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The Merits of Using Citation-Based Journal Weighting Schemes to Measure Research Performance in Economics: The Case of New Zealand

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  • David L. Anderson

    ()
    (Queen's University)

  • John Tressler

    ()
    (University of Waikato)

Abstract

In this study we test various citation-based journal weighting schemes, especially those based on the Liebowitz and Palmer methodology, as to their suitability for use in a nation- wide research funding model. Using data generated by New Zealand’s academic economists, we compare the performance of departments, and individuals, under each of our selected schemes; and we then proceed to contrast these results with those generated by direct citation counts. Our findings suggest that if all citations are deemed to be of equal value, then schemes based on the Liebowitz and Palmer methodology yield problematic outcomes. We also demonstrate that even between weighting schemes based on a common methodology, major differences are found to exist in departmental and individual outcomes.

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File URL: ftp://mngt.waikato.ac.nz/RePEc/wai/econwp/1003.pdf
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Bibliographic Info

Paper provided by University of Waikato, Department of Economics in its series Working Papers in Economics with number 10/03.

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Length: 25 pages
Date of creation: 13 May 2010
Date of revision:
Handle: RePEc:wai:econwp:10/03

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Keywords: economics departments; research output; citations; impact factors;

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References

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  1. Magnus Henrekson & Daniel Waldenström, 2011. "How Should Research Performance Be Measured? A Study Of Swedish Economists," Manchester School, University of Manchester, vol. 79(6), pages 1139-1156, December.
  2. Tom Coupé, 2003. "Revealed Performances: Worldwide Rankings of Economists and Economics Departments, 1990-2000," Journal of the European Economic Association, MIT Press, vol. 1(6), pages 1309-1345, December.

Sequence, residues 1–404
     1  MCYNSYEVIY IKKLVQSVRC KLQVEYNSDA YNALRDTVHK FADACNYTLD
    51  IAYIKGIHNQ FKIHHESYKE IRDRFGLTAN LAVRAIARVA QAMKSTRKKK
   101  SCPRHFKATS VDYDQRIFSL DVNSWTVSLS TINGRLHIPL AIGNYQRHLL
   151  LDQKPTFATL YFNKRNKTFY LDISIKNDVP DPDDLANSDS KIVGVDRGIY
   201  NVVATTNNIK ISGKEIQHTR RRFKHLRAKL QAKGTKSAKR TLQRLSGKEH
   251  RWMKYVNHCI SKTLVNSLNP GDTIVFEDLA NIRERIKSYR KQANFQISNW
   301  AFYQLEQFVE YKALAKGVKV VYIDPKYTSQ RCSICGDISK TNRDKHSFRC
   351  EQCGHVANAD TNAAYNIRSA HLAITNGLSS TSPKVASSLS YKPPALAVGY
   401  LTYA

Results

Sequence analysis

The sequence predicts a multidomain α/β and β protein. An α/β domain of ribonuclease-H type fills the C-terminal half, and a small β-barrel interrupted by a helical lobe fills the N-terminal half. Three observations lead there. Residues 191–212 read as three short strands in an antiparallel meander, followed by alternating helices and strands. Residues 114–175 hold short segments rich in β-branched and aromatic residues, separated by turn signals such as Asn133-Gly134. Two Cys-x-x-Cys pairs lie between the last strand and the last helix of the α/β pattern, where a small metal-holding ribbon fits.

3. Bush, Winston C & Hamelman, Paul W & Staaf, Robert J, 1974. "A Quality Index for Economic Journals," The Review of Economics and Statistics, MIT Press, vol. 56(1), pages 123-25, February.
  4. Pantelis Kalaitzidakis & Theofanis P Mamuneas & Thanasis Stengos, 2001. "Rankings of Academic Journals and Institutions in Economics," Discussion Papers in Economics 01/8, Department of Economics, University of Leicester.
  5. Davis, Paul & Papanek, Gustav F, 1984. "Faculty Ratings of Major Economics Departments by Citations," American Economic Review, American Economic Association, vol. 74(1), pages 225-30, March.
  6. Oswald, Andrew J., 2006. "An Examination of the Reliability of Prestigious Scholarly Journals: Evidence and Implications for Decision-makers," IZA Discussion Papers 2070, Institute for the Study of Labor (IZA).
  7. Liebowitz, S J & Palmer, J P, 1984. "Assessing the Relative Impacts of Economic Journals," Journal of Economic Literature, American Economic Association, vol. 22(1), pages 77-88, March.
  8. Kristie M. Engemann & Howard J. Wall, 2009. "A journal ranking for the ambitious economist," Review, Federal Reserve Bank of St. Louis, issue May, pages 127-140.
  9. Volij, Oscar & Palacios-Huerta, Ignacio, 2004. "The Measurment of Intellectual Influence," Staff General Research Papers 10797, Iowa State University, Department of Economics.
  10. Joseph Macri & Dipendra Sinha, 2006. "Rankings Methodology for International Comparisons of Institutions and Individuals: an Application to Economics in Australia and New Zealand," Journal of Economic Surveys, Wiley Blackwell, vol. 20(1), pages 111-156, 02.
  11. Rombouts, Jeroen V. K. & Bauwens, Luc, 2004. "Econometrics," Papers 2004,33, Humboldt-Universität Berlin, Center for Applied Statistics and Economics (CASE).
  12. Wall Howard J, 2009. "Don't Get Skewed Over by Journal Rankings," The B.E. Journal of Economic Analysis & Policy, De Gruyter, vol. 9(1), pages 1-12, August.
  13. Kodrzycki Yolanda K. & Yu Pingkang, 2006. "New Approaches to Ranking Economics Journals," The B.E. Journal of Economic Analysis & Policy, De Gruyter, vol. 5(1), pages 1-44, August.
  14. Graves, Philip E & Marchand, James R & Thompson, Randal, 1982. "Economics Departmental Rankings: Research Incentives, Constraints, and Efficiency," American Economic Review, American Economic Association, vol. 72(5), pages 1131-41, December.
  15. Hirsch, Barry T, et al, 1984. "Economics Departmental Rankings: Comment [Economics Departmental Rankings: Research Incentives, Constraints, and Efficiency]," American Economic Review, American Economic Association, vol. 74(4), pages 822-26, September.
  16. John Gibson, 2000. "Research productivity in New Zealand university economics departments: Comment and update," New Zealand Economic Papers, Taylor & Francis Journals, vol. 34(1), pages 73-87.
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Cited by:
  1. David L. Anderson & John Tressler, 2011. "The Merits of Using Citations to Measure Research Output in Economics Departments: The New Zealand Case," Working Papers in Economics 11/11, University of Waikato, Department of Economics.

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